Indirect costs are those that cannot be attributed directly and specifically to a product. Building maintenance and administrative costs are two examples; these costs are non-incremental.

Case Analysis: Laundry Detergent

An examination of the…… [read more]


Arizona History Thesis

… Pollution in Arizona

The state of Arizona used to be internationally known for its clean air and dry climate. It was an ideal place for someone suffering from allergies, asthma, and other respiratory diseases to reside. Now, Arizona has some… [read more]


Sustainable Development Plan in 2008, Canada Passed Thesis

… Sustainable Development Plan

In 2008, Canada passed the Federal Sustainable Development Act. This act includes a number of tactics and strategies to help one of the world's large industrialized nations develop in a sustainable manner. Many of these are for federal agencies, and each agency has its own set of sustainable development strategies. A sustainable development advisory panel has also been established to help monitor the progress of the federal agencies with respect to sustainable development.

Canada is a signatory to many international agreements on sustainable development, including the Beijing Declaration on the advancement of women, the Kyoto Protocol and commitment to the Millennium Development Goals. Canada views sustainable development as an ongoing process, with each individual goal as having its down timeline. The Millennium Development Goals, for example, have a timeframe for completion of 2015. The Kyoto Commitment Canada signed on for -- a much more stringent commitment than most countries -- was to reduce greenhouse gas emissions to 6% lower than 1990 levels by 2012.

Canada's sustainable development plan does not address many areas that other sustainable development plans address. For example, there is little with regards to water, Canada being a water-rich nation. Employment is considered a separate issue from sustainability. There is no funding from the IMF, World Bank or other agencies, since Canada can afford its own programs. There are programs to aid in employment and economic development, but for the most part they are not part of the sustainable development plans. The lack of tie-in between the "sustainable" and the "development" is the main weakness in Canada's sustainable development plans.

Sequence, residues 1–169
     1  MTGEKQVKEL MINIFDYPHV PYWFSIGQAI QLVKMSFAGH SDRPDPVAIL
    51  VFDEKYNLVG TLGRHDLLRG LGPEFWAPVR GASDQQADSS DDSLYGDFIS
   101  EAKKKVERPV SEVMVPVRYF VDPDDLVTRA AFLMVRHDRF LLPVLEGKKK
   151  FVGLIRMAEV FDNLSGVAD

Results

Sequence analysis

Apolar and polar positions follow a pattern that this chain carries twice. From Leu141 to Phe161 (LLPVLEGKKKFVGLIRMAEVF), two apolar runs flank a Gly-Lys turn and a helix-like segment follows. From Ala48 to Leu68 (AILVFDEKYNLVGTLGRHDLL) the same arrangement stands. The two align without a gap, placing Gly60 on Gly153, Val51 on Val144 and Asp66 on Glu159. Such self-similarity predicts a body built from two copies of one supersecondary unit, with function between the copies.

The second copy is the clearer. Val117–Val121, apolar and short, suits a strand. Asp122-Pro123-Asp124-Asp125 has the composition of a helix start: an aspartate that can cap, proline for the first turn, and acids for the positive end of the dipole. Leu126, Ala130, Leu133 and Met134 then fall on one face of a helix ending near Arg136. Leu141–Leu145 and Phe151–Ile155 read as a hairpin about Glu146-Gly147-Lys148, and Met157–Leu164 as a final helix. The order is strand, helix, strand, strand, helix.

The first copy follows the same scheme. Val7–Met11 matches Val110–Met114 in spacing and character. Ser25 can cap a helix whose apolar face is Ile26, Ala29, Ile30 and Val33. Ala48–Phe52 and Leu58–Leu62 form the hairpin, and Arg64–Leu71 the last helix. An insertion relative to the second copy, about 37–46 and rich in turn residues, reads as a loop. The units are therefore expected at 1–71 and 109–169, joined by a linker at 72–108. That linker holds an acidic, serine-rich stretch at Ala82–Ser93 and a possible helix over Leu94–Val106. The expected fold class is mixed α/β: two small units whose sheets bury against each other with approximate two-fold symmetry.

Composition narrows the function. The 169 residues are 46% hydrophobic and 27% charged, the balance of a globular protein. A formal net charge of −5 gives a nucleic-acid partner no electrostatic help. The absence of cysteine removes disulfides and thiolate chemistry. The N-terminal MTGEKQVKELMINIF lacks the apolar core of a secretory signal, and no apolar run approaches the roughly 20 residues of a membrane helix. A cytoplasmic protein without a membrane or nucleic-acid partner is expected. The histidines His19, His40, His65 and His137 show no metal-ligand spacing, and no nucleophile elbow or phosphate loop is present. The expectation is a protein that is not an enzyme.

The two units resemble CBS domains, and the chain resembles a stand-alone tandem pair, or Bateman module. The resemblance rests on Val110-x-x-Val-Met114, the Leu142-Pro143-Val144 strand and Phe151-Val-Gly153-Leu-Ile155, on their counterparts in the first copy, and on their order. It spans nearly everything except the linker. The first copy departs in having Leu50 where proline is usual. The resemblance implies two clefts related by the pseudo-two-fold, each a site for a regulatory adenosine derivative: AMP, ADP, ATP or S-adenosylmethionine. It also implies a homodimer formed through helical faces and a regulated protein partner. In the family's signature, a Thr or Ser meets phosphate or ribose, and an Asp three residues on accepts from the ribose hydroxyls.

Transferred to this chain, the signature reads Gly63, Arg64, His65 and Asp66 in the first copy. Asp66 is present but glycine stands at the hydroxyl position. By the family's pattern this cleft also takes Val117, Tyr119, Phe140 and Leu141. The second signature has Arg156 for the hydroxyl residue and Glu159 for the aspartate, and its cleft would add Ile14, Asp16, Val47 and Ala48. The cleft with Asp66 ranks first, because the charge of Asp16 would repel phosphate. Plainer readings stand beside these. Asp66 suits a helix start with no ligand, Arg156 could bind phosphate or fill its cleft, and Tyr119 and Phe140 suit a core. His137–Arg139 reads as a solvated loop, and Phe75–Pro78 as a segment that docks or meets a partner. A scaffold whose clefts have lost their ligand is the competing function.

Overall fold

In 2002, Ethiopia launched its down sustainable development program, which addressed several crucial issues (Federal Democratic Republic of Ethiopia, 2002) . The plan is centered on the primary goal of poverty reduction. With respect to land use, the plan focused on the production of cash crops, as a means to generate income, but the government feels that this can be balanced with…… [read more]


Sustainable Development the Brundtland Report Essay

… Sustainable Development

The Brundtland Report defined sustainable development as "development that meets the needs of the present without compromising the ability of future generations to meet their own needs" (IISD, 2009). The concept of sustainable development is based on the understanding that the world is a system -- a set of interrelationships that is near infinite in its complexity.

There are two levels of interrelationships involved. One is geographic and the other is temporal. The world's system spans all geographies. Actions taken in one part of the world will, in some, impact other parts of the world. Forest fires from slash and burn agriculture in Indonesia create pollution across all of Southeast Asia. The temporal relationship means that the system functions over time. Actions taken at one point in time will impact points in the future. Overfishing the bluefin tuna to extinction today will impact the Mediterranean and Atlantic Ocean ecosystems for generations to come, until a new post-bluefin equilibrium is reached.

There are multiple dimensions to the concept of sustainable development, including social, economic, and environmental (UN Division for Sustainable Development, 2009). Within each of these dimensions are webs of relationships that intertwine frequently. The interaction of different factors creates complex relationships between the factors.

Sustainable development, being based on holistic, global system, ultimately must resolve every environmental, social and economic ill on the planet. As a result of the complex webs of interrelationships, sustainable development faces numerous challenges that must be overcome in order to resolve these issues. The first is with respect to measuring sustainable development. While the definition indicates what the outcomes of sustainable development look like, it is difficult to definitively measure the impacts of individual decisions. A decision's on direct outcome variables can be measured, but its impacts on indirect outcome variables can be difficult to measure. The number of different factors that contribute to any one outcome can be high, and the degree of influence of any one…… [read more]


Eutrophication Is the Process by Which Human Essay